PRISM Magazine - Exploring the future of engineering education
briefings - curriculum

Illustration by Dave Cutler, c/o theispotTeaching E-Commerce

What's the hot new academic specialty on campus this year? E-commerce. Universities across the country are introducing new courses and programs to teach students how to conduct business in the new era of online retailing.

Most recently, two schools, Carnegie Mellon University and Claremont Graduate University, announced new master's degree programs in electronic commerce beginning this fall. Many of the courses are being offered through university business schools, which tend to have dynamic, market-driven curricula. Though programs vary from school to school, most offer courses in conducting online commerce, technological infrastructure, privacy protection, and Web design.

The courses examine "the issues of what business leaders need to understand about e-commerce in order to stay competitive in the 'new economy,'" says Amy Shuen, a visiting professor at the Haas School of Business at the University of California at Berkeley.

So far, students are lining up for courses like aficionados flocking to eBay for online Beanie Baby auctions. Twenty percent of the MBA students at Vanderbilt University's Owen Graduate School of Management are specializing in e-commerce, taking at least four courses in the subject over two years.

Why? Because it's a dynamic, expanding field that is changing how people do business. Or, as Haas Business School professor Arturo Perez-Reyes put it, electronic commerce is "the single greatest change to business since the invention of money."

In dollar terms, the impact has been significant. Researchers at Carnegie Mellon University estimate that online retail sales will reach $22 billion this year, up from $7 billion in 1998. And business-to-business Internet sales are expected to skyrocket to $110 billion in 1999, up from $42 billion last year.

Given those figures, it's understandable that many of the programs are being implemented at the behest—and with the financial backing—of companies like IBM and Sun Microsystems. Those and other firms are looking for cyber-savvy Internet executives to help them venture forward on-line.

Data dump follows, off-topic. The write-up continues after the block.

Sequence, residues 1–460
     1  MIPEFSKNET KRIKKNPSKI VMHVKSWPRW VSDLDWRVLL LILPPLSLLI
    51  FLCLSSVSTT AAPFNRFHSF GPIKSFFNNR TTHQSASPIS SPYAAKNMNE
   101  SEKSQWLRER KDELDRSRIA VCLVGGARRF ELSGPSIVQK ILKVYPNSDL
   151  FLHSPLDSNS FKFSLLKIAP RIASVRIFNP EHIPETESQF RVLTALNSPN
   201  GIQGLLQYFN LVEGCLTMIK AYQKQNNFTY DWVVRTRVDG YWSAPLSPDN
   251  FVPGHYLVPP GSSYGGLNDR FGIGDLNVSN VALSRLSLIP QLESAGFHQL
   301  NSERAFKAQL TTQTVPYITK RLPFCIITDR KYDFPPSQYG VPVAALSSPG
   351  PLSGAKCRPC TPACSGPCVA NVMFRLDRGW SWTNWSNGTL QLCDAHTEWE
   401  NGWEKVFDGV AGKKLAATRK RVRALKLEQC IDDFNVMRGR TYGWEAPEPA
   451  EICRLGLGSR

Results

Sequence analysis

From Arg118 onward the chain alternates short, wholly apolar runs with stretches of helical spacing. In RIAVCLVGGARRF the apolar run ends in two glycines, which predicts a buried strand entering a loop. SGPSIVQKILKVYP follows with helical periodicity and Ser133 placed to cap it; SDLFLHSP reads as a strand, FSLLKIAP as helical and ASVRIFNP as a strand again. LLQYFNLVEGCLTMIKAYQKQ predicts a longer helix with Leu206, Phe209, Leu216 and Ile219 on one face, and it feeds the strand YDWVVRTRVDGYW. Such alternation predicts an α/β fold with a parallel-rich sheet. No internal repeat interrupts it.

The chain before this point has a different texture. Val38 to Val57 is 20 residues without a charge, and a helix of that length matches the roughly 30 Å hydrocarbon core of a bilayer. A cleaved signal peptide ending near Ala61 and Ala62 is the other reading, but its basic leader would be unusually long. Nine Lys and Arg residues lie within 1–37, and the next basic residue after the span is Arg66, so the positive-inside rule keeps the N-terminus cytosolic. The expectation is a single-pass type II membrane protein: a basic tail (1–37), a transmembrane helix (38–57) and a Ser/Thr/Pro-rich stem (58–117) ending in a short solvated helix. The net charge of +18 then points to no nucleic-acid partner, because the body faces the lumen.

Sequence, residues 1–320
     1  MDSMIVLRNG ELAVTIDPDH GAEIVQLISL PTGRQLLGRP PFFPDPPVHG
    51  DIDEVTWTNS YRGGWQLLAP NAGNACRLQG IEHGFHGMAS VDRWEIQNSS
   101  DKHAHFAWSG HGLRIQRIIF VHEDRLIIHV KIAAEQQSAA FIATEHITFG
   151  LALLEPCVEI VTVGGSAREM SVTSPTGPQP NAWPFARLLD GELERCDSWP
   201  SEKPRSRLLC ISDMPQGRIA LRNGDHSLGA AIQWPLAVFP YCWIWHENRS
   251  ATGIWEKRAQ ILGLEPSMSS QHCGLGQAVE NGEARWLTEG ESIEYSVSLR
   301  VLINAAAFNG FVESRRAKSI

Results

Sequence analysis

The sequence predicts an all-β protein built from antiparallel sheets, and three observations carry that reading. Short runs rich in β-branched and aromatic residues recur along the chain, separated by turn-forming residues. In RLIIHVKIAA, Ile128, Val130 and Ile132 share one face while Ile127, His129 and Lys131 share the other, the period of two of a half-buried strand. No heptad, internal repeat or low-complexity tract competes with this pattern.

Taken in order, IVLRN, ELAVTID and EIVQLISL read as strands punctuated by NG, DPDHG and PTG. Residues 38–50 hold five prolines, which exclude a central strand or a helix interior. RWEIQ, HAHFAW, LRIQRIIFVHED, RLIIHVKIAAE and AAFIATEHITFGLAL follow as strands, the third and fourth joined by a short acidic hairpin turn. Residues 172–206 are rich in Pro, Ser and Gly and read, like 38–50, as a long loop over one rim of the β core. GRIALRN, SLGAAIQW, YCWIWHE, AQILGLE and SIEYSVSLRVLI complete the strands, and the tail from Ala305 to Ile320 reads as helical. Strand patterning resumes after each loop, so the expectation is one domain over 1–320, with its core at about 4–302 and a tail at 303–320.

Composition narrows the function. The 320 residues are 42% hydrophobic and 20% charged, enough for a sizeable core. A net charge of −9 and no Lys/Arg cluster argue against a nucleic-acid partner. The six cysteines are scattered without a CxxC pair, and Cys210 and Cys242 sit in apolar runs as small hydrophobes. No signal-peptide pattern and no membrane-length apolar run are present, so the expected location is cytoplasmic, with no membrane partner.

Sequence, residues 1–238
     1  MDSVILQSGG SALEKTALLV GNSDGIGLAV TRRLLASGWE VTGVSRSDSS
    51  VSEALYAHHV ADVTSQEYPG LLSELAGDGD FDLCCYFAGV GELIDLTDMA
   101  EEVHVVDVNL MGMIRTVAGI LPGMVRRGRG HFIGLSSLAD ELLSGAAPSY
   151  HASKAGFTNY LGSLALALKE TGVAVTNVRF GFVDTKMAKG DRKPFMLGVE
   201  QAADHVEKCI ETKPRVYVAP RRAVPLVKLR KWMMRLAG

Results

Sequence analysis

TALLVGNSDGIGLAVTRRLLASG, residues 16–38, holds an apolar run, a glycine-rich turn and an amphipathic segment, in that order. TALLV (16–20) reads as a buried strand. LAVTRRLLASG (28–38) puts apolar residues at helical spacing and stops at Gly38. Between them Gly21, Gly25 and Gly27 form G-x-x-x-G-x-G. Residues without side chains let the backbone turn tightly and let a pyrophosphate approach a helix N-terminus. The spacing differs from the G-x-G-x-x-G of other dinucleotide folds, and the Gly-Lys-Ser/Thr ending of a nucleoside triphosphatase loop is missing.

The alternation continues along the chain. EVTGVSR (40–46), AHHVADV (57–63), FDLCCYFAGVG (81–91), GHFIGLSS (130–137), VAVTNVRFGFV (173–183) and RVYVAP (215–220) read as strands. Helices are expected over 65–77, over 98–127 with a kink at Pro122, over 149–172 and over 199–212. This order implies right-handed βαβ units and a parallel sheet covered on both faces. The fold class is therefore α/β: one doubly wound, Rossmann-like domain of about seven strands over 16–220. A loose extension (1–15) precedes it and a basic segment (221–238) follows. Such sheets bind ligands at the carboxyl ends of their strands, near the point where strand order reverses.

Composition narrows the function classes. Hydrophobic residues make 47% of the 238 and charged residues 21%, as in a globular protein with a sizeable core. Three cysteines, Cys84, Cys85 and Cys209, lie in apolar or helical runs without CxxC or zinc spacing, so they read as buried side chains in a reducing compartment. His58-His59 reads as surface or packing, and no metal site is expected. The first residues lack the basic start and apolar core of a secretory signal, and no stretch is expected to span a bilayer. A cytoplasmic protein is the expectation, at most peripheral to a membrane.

Undergraduate business students at UC Berkeley, for example, are starting up their own Internet businesses with help from a team from IBM. The firm chipped in $40,000 worth of hardware, software, and training to help launch undergraduates' new business ideas.

In a different kind of collaboration, Ernst & Young teamed up with the University of Southern California's business school in Los Angeles to offer similar courses and programs. In addition, industry professionals give guest lectures on virtual retailing and often mentor students.

The challenge, though, is to keep the course material up to speed and relevant in a rapidly changing field. UC Berkeley's Arie Segev says that "e-commerce is evolving at such a lightning pace that it makes even veteran information technology professionals feel dizzy and business professionals feel clueless."

Those executives ought to head back to school this fall—or maybe try bidding online for Beanie Babies.

Minorities Rising?

 In spite of the end of affirmative action programs at some universities, minority enrollment at the nation's engineering schools is rising.

For the second year in a row, the number of African-American, Latino, and American Indian freshman engineering students has increased. That's according to recently released data from the National Action Council for Minorities in Engineering, which has been tracking the numbers since 1993.

For the 1998-99 academic year, minority freshmen enrollment grew by 5.1 percent from the previous year—attributed mainly to the 8.4 percent rise in the number of African-American engineering students.

But cautious optimism is in order, says NACME President George Campbell, Jr. "Because freshmen enrollment was also up among non-minorities in 1998, the minority share of the incoming class is actually lower than last year," Campbell said. Minority students now represent only 15.6 percent of the entering class, down from 15.7 percent.

Corporate Giving Update

Pittsburgh businessman Peter C. Rossin recently donated $25 million to Lehigh University's engineering school to enable his alma mater to continue its leadership role in re-defining engineering education. In recognition of Rossin's gift, Lehigh has named its college of engineering the P.C. Rossin College of Engineering and Applied Science.

Rossin, who made his fortune by starting his own titanium metals company, credits his success to hard work and his education at the university. "Lehigh taught me to understand technology and people. Now my wife Ada and I would like to give back to the next generation of Lehigh students and help ensure that they and the university continue to represent the very best in engineering education."

Recent donations to other engineering programs include the following:

  • The Ford Motor Company gave $4.75 million to Texas A & M University for new academic initiatives in the engineering and business fields.
  • A $5 million grant from the Texas Instruments Foundation and the family of former CEO, Jerry Junkins, will support construction of a new electrical engineering building at Southern Methodist University in Dallas.
  • MCI Worldcom donated $1 million in computer equipment to the University of Virginia for a new, hands-on course in Internet engineering.

 

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